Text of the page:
KCC professor Dik makes it into Beirut
By (Ukjent person)
Advertiser Staff Writer
By (Ukjent person)
Israel's 48-hour cease-fire was a blessing for the Kapi'olani Community College economics professor who had been stranded in a small town in Lebanon, afraid to travel the roads to Beirut for evacuation.
Ibrahim Dik finally made it to the country's capital yesterday after receiving word from the U.S. Embassy that it was time to get to the evacuation point. The 62-year-old professor has been in Lebanon visiting family in his hometown of Roum, 60 miles from Beirut, since May 26. He had tried to evacuate earlier, but the Israeli military has been bombing roads and infrastructure, making travel anywhere in the country dangerous.
He said yesterday he will be taking a ship to Cyprus or Turkey and then getting on a plane to Baltimore.
"I feel like I'm on my way to leave," Dik said. "But I'm still anxious because I don't know when, how, where ... nothing."
It took Dik approximately three hours to get from Roum to Aouker, a town near the evacuation point in Beirut. He used a map and stopped at a few places to ask for directions. On his way to Aouker, Dik passed a bridge — he compares it to the Golden Gate — and said part of it was destroyed. The bridge is very important, he said, because it connects two mountains and is a supply route for the people of Lebanon.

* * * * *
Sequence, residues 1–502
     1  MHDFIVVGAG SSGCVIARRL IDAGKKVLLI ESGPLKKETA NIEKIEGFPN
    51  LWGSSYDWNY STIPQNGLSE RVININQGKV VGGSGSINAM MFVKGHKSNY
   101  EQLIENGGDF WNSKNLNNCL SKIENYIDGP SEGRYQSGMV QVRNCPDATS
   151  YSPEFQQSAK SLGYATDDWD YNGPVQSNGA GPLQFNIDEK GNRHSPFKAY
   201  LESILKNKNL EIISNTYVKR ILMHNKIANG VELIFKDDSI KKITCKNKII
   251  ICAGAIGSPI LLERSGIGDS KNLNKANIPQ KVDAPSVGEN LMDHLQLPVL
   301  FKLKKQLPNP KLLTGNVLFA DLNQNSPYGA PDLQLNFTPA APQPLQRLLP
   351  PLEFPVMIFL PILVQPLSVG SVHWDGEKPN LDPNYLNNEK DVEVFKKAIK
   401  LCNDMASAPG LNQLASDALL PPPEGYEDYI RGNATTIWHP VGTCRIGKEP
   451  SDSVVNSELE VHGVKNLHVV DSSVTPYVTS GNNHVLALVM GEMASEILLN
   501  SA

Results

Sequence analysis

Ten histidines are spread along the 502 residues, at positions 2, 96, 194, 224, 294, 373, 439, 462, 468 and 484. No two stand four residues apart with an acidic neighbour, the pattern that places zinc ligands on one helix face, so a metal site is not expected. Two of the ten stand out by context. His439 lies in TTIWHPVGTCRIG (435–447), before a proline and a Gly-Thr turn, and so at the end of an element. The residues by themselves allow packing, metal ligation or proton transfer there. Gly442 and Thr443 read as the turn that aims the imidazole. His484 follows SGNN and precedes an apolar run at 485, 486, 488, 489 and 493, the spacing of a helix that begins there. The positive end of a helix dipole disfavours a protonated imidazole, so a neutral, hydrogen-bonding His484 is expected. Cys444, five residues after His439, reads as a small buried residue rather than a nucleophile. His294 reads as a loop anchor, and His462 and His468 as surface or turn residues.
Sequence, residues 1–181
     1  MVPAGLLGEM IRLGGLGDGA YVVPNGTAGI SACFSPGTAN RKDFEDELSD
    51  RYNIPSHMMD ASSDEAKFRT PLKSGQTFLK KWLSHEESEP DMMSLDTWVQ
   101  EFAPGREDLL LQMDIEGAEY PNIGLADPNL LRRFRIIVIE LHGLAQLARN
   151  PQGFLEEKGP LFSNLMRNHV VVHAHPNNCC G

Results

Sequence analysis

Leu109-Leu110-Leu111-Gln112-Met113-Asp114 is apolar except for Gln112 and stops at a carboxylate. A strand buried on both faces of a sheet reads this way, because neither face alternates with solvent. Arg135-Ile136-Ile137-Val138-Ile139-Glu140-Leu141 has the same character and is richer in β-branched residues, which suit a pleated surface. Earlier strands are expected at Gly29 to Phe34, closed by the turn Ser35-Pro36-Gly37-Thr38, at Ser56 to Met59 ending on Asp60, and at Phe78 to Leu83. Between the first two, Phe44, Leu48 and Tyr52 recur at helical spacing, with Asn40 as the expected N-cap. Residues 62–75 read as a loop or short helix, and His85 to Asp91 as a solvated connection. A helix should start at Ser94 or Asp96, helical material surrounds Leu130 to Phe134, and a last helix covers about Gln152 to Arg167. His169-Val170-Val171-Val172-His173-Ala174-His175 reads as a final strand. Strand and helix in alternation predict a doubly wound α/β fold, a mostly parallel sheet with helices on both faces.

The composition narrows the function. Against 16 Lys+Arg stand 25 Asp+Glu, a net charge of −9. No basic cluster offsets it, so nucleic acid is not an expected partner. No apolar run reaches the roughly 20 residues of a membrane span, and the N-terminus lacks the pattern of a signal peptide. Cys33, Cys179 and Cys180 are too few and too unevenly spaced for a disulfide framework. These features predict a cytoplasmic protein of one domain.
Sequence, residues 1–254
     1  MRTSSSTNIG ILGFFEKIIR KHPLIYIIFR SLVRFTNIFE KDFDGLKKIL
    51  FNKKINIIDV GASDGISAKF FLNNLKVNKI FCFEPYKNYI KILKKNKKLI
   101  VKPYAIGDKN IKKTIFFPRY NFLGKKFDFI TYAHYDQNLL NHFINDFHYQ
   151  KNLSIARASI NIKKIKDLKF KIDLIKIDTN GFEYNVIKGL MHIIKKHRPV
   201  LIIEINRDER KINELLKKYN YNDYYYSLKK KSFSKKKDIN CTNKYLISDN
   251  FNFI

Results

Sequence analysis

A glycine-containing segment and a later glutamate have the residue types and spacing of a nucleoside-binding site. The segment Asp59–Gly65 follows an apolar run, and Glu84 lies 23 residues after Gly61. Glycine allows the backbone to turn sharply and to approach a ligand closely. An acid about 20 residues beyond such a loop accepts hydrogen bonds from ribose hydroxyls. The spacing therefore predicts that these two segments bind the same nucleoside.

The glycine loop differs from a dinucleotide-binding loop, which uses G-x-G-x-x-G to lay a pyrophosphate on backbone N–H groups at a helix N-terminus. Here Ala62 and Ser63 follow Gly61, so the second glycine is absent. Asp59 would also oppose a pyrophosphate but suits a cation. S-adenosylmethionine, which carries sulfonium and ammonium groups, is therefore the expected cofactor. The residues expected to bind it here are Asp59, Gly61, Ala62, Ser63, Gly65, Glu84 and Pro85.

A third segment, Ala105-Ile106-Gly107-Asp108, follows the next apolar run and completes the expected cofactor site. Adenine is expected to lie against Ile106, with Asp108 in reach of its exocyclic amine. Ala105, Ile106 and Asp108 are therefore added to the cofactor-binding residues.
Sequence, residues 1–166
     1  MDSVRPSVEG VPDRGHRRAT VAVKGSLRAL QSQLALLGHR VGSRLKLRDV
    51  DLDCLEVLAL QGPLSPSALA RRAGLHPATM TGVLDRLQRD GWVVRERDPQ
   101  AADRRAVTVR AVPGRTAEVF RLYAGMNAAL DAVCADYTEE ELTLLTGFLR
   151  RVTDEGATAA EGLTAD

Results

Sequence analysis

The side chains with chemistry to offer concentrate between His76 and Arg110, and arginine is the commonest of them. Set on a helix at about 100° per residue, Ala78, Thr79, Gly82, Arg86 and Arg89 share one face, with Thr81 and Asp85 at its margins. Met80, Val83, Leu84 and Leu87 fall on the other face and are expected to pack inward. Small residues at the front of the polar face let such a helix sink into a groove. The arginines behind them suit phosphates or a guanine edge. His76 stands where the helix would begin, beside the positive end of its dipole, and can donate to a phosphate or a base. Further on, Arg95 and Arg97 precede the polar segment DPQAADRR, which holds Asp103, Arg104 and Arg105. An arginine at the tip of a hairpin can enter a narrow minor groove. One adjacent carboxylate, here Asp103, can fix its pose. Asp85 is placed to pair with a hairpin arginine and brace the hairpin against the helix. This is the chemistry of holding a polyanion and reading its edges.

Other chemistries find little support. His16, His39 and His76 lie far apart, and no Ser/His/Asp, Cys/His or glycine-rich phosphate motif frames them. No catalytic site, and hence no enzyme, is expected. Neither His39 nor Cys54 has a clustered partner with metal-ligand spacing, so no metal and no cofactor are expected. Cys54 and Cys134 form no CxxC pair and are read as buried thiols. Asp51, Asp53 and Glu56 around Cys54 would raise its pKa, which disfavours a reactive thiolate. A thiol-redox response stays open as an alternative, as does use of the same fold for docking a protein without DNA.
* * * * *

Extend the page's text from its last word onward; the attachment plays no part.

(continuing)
Dik was hoping for a quick evacuation by helicopter, but the embassy told him it will be by sea. He said he knows how lucky he is to have a choice to evacuate the war-torn country.
"I'm getting on a boat, and I'm leaving a few million people ... not knowing what is going to happen to them," Dik said.
Saying goodbye to his family in Roum was sad, Dik said. They tried to avoid talking about the dire situation in hopes of easing anxieties.
"We ignored we were in danger and that I was leaving," Dik said. "We didn't talk about it."
Roum, where many refugees fled to, had food, water and electricity. A hydro dam produced the electricity for Roum, and Dik hopes that it does not become one of Israel's targets. He also said many took refuge in the small farming community because it is not a Hezbollah stronghold and many felt safer there. Along with his laptop, Dik has a carry-on bag packed with two shirts, two pants, a jacket, some underwear and his last box of Hawaiian Host macadamia nut chocolates he brought to give to his relatives.
"I usually bring a whole bunch with me," Dik said.
Dik was originally scheduled to return to Hawai'i on Aug. 11, in time to report to KCC for the new school year on Aug. 15.
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